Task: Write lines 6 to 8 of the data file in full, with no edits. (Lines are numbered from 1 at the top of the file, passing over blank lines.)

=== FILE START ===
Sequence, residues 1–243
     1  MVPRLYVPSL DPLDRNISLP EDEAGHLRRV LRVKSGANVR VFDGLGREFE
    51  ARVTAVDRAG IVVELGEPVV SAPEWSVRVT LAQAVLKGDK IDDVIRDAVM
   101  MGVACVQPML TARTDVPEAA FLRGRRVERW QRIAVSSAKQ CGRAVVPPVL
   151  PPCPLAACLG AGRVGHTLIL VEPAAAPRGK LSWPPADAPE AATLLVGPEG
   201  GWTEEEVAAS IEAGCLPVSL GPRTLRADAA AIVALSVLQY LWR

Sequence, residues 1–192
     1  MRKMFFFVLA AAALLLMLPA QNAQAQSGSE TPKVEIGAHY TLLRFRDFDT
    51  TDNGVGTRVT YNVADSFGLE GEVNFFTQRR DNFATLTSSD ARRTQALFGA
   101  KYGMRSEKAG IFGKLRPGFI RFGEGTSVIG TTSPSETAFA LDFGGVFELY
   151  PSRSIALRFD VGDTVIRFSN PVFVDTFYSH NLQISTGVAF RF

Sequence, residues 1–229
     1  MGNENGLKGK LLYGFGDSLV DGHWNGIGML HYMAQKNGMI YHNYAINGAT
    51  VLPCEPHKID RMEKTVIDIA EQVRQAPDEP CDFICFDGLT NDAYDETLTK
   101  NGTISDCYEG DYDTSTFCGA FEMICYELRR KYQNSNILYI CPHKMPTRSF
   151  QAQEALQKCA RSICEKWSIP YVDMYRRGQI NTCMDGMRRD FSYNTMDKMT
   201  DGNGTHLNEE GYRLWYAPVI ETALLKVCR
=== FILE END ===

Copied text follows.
   201  GWTEEEVAAS IEAGCLPVSL GPRTLRADAA AIVALSVLQY LWR

Sequence, residues 1–192
     1  MRKMFFFVLA AAALLLMLPA QNAQAQSGSE TPKVEIGAHY TLLRFRDFDT